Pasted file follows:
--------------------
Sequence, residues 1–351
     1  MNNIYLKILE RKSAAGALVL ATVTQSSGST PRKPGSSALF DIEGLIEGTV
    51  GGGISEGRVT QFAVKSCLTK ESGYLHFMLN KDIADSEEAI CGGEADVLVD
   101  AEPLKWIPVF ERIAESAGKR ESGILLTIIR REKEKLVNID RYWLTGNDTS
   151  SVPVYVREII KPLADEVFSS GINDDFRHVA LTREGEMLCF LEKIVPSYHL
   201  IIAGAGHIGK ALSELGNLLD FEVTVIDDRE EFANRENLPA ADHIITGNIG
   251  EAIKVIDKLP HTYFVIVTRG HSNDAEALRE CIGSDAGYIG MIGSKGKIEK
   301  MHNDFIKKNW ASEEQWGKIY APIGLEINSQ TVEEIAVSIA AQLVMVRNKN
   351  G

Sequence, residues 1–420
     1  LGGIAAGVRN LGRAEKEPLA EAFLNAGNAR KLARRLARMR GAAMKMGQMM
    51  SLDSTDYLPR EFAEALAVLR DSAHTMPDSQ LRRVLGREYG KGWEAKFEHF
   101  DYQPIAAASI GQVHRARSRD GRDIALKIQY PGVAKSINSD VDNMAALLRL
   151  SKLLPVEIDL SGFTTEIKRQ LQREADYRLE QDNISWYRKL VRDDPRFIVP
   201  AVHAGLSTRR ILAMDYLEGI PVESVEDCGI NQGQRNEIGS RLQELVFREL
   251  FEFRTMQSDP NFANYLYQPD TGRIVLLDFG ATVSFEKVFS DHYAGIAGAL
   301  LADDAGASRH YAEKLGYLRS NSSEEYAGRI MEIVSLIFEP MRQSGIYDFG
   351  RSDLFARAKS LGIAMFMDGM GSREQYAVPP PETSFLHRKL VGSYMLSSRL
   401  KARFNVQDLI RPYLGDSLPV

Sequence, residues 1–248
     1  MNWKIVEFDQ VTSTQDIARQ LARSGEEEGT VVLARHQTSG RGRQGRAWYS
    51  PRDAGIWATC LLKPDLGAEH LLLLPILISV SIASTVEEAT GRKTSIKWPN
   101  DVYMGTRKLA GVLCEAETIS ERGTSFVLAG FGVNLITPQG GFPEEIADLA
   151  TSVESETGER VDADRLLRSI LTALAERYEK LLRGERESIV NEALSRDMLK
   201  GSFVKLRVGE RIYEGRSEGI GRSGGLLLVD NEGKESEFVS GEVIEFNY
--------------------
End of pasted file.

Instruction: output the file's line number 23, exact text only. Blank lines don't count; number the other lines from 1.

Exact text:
   101  DVYMGTRKLA GVLCEAETIS ERGTSFVLAG FGVNLITPQG GFPEEIADLA